The application of recycled gypsum has been successfully shown to benefit slope stabilisation.

The results of these UK trials indicate that the application of recycled gypsum at between 2 and 4 kg/m2 aids the stability of soils on slopes – both on clay and sandy textured material. At the highest rate tested (10 kg/m2), there was no significant increase in the ability to reduce soil surface erosion or slippage. The preliminary erosion trial in 2006 indicated that an application rate of 4 kg/m2 ( 40 tonne/Ha) was more effective than lower rates at reducing erosion and this is the recommended application rate.

The main aim of the UK trial was to investigate the effect of the incorporation of recycled gypsum on surface soil erosion from slopes. However, the results have highlighted other properties of gypsum application that may, in fact, be more important for the longer term stabilisation of soil slopes.

The principal conclusions from the results are as follows.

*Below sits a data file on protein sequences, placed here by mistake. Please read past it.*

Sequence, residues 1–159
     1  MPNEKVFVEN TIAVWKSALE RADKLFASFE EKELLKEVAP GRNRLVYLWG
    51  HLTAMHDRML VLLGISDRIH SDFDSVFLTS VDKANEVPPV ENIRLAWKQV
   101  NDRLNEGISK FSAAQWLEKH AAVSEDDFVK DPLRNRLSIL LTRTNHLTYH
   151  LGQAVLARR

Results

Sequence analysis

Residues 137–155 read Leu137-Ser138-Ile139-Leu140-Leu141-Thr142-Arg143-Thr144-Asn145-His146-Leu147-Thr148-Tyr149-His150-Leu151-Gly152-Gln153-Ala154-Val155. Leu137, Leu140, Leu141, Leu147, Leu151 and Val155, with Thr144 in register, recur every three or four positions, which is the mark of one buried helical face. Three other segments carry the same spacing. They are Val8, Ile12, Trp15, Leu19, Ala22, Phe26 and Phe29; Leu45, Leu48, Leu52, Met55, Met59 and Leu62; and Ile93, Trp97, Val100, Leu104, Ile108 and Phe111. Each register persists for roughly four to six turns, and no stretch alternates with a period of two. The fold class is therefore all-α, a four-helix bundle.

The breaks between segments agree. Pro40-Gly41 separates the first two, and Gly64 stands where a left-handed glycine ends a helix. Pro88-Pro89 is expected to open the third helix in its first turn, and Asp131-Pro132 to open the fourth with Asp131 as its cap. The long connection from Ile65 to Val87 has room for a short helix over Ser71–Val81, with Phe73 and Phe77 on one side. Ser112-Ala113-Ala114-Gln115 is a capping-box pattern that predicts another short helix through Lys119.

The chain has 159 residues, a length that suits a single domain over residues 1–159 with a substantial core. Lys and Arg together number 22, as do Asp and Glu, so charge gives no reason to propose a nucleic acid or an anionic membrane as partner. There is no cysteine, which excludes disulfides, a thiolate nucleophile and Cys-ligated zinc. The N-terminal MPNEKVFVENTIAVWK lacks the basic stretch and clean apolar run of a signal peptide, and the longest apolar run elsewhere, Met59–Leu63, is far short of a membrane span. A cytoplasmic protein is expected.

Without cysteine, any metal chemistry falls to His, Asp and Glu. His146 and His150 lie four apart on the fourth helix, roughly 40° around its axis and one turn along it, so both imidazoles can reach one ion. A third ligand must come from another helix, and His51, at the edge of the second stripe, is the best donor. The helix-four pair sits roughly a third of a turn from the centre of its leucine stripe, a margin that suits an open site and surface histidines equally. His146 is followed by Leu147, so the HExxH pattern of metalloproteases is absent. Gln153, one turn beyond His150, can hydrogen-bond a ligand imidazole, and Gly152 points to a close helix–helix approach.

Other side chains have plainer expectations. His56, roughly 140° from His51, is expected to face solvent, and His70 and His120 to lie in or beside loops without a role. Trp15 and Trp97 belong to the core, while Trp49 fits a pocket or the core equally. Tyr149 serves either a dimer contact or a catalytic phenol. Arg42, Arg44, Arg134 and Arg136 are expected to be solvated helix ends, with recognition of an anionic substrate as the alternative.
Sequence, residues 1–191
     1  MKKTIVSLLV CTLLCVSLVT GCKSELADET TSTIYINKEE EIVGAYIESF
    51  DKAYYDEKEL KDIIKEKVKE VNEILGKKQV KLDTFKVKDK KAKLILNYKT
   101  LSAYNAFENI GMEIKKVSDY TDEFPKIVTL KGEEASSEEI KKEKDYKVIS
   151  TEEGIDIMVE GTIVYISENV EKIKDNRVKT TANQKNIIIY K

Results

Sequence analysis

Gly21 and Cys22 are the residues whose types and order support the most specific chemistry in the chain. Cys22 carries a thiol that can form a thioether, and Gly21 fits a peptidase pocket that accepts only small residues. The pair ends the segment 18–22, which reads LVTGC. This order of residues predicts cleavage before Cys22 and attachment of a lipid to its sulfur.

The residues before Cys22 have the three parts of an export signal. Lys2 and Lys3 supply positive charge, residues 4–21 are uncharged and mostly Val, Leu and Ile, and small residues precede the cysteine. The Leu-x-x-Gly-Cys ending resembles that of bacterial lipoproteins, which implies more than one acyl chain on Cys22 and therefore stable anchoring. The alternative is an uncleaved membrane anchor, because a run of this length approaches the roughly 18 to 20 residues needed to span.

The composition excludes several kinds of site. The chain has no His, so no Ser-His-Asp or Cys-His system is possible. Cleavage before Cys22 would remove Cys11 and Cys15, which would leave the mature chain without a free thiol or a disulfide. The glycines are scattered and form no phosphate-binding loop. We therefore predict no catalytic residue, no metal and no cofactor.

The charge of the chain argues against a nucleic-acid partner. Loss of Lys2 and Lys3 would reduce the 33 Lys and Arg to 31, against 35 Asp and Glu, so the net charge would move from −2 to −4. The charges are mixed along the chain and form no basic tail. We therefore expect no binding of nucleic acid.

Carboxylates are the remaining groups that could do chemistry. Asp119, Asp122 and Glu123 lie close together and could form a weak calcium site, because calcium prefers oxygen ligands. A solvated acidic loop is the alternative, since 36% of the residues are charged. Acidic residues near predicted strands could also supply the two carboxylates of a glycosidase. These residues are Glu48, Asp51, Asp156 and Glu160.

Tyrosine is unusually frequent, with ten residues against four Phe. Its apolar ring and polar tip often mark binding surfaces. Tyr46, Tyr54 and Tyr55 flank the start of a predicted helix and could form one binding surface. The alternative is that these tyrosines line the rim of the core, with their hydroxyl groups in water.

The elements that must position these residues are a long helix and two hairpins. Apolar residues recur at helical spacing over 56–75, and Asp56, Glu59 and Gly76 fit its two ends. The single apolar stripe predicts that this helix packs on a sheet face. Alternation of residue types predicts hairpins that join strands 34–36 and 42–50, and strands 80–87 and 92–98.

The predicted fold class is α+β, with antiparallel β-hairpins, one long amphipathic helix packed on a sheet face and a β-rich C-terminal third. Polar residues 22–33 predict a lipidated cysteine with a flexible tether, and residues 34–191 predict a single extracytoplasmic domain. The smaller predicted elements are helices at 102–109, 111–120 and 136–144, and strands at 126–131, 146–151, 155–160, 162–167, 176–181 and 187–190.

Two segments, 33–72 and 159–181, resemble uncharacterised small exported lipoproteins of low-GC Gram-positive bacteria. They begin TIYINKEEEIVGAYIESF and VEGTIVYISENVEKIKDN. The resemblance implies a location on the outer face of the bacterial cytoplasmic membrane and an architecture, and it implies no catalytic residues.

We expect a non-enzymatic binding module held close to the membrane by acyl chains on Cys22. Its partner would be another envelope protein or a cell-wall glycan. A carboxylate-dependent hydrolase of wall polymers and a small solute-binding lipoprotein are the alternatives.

• At the higher slope gradients (25 Deg and 32 Deg), there was evidence of reduced surface erosion following the application of recycled gypsum on the sand textured soil.
  • The recycled gypsum needs to be well incorporated into the soil otherwise the material itself will be washed off the surface.
  • A recycled gypsum application rate of 4 kg/m2 was optimum for reducing erosion and for ease of soil incorporation.
  • Surface application of gypsum reduced down-slope soil movement on clay soil to a depth of 120 mm compared with 215 mm for untreated soil. The mechanism is uncertain, but may be due to changes to water penetration in the soil. This requires further investigation.
  • Gypsum application has no deleterious effect on the establishment of a recommended grass and clover seed mixture for highway use. 
  • Gypsum application reduces weed invasion.

REGYP can supply recycled gypsum for civil projects and Pacific Fertiliser can supply natural gypsum if and when needed for the civil projects.

Source: recycled gypsum in Slope stabilisation report Nov 2007